Greek-Australian comedian Nick Kesidis is set to perform during the Melbourne Magic Festival.
The award-winning comic will offer his “Still One Lonely Guy” act from June 30th to July 4th, from 8:30 to 9:15 p.m. at Northcote Town Hall. The venue is located at 189 High Street, Northcote, VIC.
Kesidis has been described as a combination of street performer and entertainer, by Greek-Australian news portal Neos Kosmos. The Greek-Australian funny man’s show is appropriate for all ages over 9 and up.
Additional information and ticketing for this year’s Melbourne Magic Festival can be accessed by telephone at: (03) 9481 9500 or the web at: sa2.seatadvisor.com/sabo/servlets/.
Australia has been a mecca for immigrants for more than a century and like the United States and Canada, it’s a place tens of thousands of Greeks have settled and created their own communities. The thriving metropolis of Melbourne, Australia’s second largest city, boasts the third largest Greek population in the world— after Athens and Thessaloniki.
Numerous efforts have been underway via the church and smaller organizations to give back to the people of Greece during the economic crisis, which has turned into somewhat of a humanitarian crisis for many people in Greece.
The Hellenic Initiative, launched a few years ago in the United States by a group of concerned businessmen and women led by Dow Chemical CEO Andrew Liveris (himself a Greek Australian) sought a substantive way to give back to Greece.
The movement has now landed in Australia and is already making waves Down Under in their efforts to help their compatriots in Greece.
More than 150 leaders of the Greek-Australian community met in Sydney in April to discuss how to mobilize Australian support for The Hellenic Initiative, which launched in Athens a few years ago with former U.S. President Bill Clinton as an honorary figurehead and supporter.
“It was energizing to see so many of my fellow Greek Australians coming together to join an international movement to support Greece,” said THI Chairman & co-Founder, Andrew N. Liveris. “I was equally excited to see that passion in the room towards the need and ability to have a real and lasting impact on our ancestral homeland. THI is proud to see its Australian chapter come to be,” Liveris concluded.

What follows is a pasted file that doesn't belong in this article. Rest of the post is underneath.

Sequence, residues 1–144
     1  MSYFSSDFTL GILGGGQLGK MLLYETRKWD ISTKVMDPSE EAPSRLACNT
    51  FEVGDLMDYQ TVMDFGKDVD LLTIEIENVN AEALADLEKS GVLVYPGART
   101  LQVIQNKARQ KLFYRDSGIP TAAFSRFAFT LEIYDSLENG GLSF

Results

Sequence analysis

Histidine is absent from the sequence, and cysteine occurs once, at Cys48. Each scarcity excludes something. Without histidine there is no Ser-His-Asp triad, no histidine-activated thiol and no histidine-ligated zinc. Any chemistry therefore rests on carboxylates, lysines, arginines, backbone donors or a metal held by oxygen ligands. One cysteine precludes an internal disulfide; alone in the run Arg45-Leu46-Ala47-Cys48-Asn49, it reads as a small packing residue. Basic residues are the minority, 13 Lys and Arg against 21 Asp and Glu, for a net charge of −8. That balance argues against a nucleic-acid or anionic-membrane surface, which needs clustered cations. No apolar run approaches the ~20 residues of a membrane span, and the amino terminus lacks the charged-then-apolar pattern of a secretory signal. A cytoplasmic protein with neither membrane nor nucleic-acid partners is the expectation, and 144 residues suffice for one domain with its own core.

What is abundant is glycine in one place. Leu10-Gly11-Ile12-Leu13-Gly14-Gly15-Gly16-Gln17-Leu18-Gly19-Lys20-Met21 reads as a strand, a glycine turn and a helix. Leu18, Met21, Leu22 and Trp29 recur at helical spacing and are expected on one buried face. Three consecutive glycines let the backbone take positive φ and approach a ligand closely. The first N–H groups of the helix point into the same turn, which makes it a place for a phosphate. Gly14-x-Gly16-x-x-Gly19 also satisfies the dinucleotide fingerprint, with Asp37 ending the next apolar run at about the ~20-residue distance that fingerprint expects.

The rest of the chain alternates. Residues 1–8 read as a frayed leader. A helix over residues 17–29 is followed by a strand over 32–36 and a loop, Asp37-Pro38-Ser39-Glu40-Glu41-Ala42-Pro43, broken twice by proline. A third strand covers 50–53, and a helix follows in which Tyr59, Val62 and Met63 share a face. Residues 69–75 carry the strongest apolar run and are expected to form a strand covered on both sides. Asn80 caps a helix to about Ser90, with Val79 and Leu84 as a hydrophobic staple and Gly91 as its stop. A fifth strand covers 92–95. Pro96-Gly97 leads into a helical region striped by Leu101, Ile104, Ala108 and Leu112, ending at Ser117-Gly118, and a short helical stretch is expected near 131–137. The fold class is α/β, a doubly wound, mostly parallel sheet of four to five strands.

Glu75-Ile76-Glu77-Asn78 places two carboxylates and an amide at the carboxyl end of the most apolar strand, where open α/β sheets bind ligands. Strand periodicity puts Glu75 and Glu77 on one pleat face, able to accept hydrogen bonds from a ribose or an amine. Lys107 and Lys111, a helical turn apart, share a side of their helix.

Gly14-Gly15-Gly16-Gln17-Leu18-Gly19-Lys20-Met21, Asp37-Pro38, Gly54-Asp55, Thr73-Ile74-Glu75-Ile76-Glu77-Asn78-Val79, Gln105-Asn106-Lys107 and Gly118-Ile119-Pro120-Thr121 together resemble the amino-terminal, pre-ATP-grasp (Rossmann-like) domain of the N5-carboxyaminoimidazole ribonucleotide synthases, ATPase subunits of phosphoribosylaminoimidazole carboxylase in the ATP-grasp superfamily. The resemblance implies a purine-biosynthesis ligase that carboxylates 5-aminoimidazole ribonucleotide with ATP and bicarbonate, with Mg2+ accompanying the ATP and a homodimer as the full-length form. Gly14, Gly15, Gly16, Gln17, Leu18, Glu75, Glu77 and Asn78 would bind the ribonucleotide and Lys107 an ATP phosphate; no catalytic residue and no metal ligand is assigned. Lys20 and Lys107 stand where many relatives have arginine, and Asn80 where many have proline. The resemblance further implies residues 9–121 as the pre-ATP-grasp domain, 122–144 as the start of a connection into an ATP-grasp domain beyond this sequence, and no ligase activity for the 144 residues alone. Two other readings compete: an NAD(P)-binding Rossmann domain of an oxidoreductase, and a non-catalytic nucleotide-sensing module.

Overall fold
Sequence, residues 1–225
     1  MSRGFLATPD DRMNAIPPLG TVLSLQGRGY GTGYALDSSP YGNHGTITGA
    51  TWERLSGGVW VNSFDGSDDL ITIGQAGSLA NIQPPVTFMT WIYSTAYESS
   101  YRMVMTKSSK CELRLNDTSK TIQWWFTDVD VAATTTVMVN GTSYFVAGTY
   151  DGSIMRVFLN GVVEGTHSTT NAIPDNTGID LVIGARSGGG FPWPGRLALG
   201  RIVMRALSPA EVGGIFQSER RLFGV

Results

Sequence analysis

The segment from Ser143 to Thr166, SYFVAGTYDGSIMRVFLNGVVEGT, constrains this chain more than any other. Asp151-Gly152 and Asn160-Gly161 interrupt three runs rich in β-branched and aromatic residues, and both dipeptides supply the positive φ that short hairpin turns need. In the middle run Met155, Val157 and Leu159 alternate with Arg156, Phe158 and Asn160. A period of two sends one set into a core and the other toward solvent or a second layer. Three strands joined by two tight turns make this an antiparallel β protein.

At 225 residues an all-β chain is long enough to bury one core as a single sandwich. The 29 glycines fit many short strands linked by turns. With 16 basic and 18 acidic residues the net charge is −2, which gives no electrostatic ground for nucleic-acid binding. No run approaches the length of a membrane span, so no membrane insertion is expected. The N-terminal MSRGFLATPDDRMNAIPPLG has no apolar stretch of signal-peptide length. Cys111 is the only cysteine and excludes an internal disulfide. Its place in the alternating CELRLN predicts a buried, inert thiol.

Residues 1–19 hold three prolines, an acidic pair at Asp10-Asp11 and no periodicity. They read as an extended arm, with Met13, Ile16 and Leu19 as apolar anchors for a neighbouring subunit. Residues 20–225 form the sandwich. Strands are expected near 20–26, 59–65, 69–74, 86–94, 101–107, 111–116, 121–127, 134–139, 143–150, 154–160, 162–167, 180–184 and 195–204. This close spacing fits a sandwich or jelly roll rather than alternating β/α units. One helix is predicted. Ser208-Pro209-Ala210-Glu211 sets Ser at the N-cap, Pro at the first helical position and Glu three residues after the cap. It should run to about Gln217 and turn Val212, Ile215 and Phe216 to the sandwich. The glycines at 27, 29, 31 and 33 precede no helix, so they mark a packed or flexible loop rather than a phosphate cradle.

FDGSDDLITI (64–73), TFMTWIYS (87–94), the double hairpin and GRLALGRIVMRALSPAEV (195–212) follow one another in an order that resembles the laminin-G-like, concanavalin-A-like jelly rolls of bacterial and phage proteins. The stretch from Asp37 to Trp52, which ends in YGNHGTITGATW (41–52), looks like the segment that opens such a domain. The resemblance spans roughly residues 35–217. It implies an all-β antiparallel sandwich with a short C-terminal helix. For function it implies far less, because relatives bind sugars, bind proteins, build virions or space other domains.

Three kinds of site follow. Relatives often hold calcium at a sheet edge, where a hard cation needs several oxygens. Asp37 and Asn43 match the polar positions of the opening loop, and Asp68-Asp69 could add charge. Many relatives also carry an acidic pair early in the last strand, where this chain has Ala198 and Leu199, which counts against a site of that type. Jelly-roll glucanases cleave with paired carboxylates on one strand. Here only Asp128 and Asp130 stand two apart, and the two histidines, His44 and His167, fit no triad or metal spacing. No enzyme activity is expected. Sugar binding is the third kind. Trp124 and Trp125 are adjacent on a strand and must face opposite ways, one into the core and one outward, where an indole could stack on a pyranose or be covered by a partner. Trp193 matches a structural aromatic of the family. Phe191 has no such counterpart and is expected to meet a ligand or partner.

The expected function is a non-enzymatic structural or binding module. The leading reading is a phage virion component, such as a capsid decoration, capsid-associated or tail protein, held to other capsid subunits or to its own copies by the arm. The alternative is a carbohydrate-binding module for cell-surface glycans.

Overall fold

Michael Printzos, the program director of the Australian Hellenic Initiative returned from a trip to Melbourne where he said he raised almost $2 million in support. Of that amount, $200,000 came in direct cash support and the remainder in indirect support from 20 companies, including ANZ Bank, including offering 40 six-month paid internships for Greek graduates.
One not-for-profit program Australian-Greek money helps is “Boroume” literally meaning “we can”, that coordinates the virtual foodbank by linking businesses in Athens that want to give surplus food to charities.
Founders Alexander Theodoridis and Xenia Papastavrou said they started in 2012 linking just one bakery with surplus food at the end of the day to a charity and now have established 300 “bridges” between food outlets to charities and providing 6500 meal packages a day.
Boroume began with 10,000 euros from Australia’s Greek community and that support continues.
“Who are clientele? The neo-poor people who were middle class, both parents working, two children and all of a sudden they lost their jobs, they had a mortgage to pay, it doesn’t take long,” Theodoridis said.
But support won’t come only in direct donations to charity. The Hellenic Initiative has bigger plans.
“One way of looking at it is feeding someone fish and at the same time trying to make them fish for themselves so it’s the more long time sustainable solution to start a business and hire people than to have soup kitchens all the time in the center of Athens,” Printzos said.